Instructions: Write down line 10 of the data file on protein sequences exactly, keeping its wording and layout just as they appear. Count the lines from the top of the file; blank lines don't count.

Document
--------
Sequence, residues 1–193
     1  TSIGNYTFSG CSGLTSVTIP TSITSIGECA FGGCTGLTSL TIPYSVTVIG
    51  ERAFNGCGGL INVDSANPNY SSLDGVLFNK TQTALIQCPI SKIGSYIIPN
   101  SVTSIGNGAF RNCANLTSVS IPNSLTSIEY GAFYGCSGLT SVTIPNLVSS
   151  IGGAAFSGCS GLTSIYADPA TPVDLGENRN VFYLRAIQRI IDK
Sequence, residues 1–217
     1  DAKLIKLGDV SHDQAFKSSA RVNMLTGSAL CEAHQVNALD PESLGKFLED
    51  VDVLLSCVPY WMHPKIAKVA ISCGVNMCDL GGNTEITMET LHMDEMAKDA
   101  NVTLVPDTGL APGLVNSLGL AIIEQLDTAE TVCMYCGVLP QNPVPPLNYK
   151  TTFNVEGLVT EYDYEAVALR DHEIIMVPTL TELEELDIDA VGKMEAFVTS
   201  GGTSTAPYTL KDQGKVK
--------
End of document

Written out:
   151  TTFNVEGLVT EYDYEAVALR DHEIIMVPTL TELEELDIDA VGKMEAFVTS